On a conservative radio program he joked that the United States was the only country in the world you don’t need papers to get into. His Republican host quickly steered him away from that topic. Despite the host’s rah-rah contention that America is “the greatest country on earth,” Sorbo allowed that if he has to “live in a socialist country” he’d prefer New Zealand (where Hercules had been filmed).
Media Matters, a Left-wing pro-censorship group funded by multi-billionaire Jewish globalist George Soros and others, highlights on its website a horrible “racist” comment Sorbo made on the Fox News program Hannity in October 2011. (Ah, our god-like, omnipresent monitors!)
Admittedly, the supposedly abhorrent remark doesn’t shiver my timbers, but then, I’m not anti-white!
Raised a Lutheran, Sorbo later attended a nondenominational church. A Christian website states:
As he takes on Christian films, such as What if . . . (2008) and Soul Surfer (2011) while also leaving room for secular films, his only wish is to change the face of Hollywood as we know it.
His personal worry is, what will the public consider normal when most things portrayed tell us that our innate moral views might probably be wrong.
“Hollywood likes to put out their own message a lot of times, and that message isn’t the best one for everyone,” he noted. “If you keep saying two plus two equals five over and over again, then that is what people are going to think. Maybe it does equal five if we keep changing the definition of what’s normal and what’s right and what’s wrong.”
Sorbo’s concern also carries over to how much Christianity is being bullied by the press over and over again. He lamented, “Christianity takes this beating that I really don’t understand and yet you can’t say anything negative about the Muslims because that’s horrible, you can’t say anything negative about other faiths.”
“Hollywood is still in the business of show business,” he said. “If we hand them a message loud enough and clear enough and if people start supporting movies like these, movies that have a good message, movies that the whole family can go to that aren’t cheesy, that aren’t cheap looking, that have a good story, good acting, good writing, good directors and good cinematography, then these are the movies they need to support.”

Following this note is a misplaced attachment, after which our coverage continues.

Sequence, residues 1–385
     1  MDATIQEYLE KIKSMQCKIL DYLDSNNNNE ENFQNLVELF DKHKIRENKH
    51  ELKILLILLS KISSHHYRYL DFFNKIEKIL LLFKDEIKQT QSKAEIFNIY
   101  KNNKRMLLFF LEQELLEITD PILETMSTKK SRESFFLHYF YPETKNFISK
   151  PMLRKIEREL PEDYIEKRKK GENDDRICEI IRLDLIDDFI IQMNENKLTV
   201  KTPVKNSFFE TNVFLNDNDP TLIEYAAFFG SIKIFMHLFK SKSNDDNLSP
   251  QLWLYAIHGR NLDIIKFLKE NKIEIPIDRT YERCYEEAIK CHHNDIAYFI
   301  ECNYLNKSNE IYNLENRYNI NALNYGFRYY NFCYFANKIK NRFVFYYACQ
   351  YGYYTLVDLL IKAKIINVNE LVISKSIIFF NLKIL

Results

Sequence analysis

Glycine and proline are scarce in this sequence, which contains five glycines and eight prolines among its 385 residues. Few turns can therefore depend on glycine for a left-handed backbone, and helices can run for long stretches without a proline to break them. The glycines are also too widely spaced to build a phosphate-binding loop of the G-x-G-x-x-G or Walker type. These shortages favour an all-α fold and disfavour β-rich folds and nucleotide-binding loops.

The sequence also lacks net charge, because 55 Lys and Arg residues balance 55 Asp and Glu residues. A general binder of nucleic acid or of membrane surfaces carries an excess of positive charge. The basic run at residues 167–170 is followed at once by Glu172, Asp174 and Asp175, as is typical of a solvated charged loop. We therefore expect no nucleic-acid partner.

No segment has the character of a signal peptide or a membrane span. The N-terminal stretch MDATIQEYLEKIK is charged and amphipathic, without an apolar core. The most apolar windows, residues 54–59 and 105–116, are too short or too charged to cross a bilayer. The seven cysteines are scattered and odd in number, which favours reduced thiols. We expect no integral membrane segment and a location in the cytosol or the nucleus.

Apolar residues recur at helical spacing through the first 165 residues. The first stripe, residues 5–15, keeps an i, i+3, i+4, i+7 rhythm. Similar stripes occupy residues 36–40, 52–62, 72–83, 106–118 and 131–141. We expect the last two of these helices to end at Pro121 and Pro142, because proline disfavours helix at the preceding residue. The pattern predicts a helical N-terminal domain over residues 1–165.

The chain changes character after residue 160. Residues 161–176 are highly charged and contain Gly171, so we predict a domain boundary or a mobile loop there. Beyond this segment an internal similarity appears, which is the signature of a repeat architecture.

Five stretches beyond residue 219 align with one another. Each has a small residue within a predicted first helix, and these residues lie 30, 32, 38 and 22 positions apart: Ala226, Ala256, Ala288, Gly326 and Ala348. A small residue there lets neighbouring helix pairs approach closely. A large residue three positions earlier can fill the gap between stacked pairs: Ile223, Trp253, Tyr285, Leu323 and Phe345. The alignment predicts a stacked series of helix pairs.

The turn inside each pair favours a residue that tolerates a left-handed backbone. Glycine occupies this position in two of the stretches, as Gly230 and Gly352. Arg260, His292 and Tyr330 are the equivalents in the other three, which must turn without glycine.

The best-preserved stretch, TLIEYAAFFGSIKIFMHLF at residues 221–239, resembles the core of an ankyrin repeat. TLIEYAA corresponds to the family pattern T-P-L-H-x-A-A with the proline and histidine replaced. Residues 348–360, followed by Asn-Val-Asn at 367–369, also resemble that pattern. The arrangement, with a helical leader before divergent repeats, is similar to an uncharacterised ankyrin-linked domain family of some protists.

He hosted the DVD documentary The 12 Biggest Lies (2010) 90 min. [1 min. trailer].
Sorbo’s basic instincts seem sound. He’s essentially a cultural conservative dissatisfied with the cramped, barbed wire enclosure whites are currently confined to.
The actor appears to be a good family man. (A personal photo of daughter Octavia fast asleep with a flyswatter in her hand is humorously captioned “Swatting flies can be so exhausting . . .”)
Sorbo’s wife is Pittsburgh-born Sandra “Sam” Jenkins, a former Ford model and actress he met on the set of Hercules (he married her character, Serena, but she died). Engaged to Sorbo before his stroke (she was the one who rushed him to the hospital after his speech became slurred and he could barely walk), she married him after it—long before his full return to health.
He was forced to rely upon her during his agonizingly slow recovery. “I’d remind him of how he was improving, even if it was in a small way,” she said. “I always had that optimism, which drove him a little crazy.”
At age 45, her childbearing years are over, but the couple has three children. (Son Shane’s middle name is Norwegian: Haaken.)
Oldest son Braedon, 10, was born when Sorbo was 43 and Sam 35; last child Octavia, 6, when Kevin was 47 and Sam 39.
Another hint of underlying political incorrectness: the kids are home schooled by their parents.
“Sam does most of the work,” Sorbo says. “But I’m the one who makes sure they get their physical activities. They’re very active with other kids playing football, basketball and taking karate four times a week.”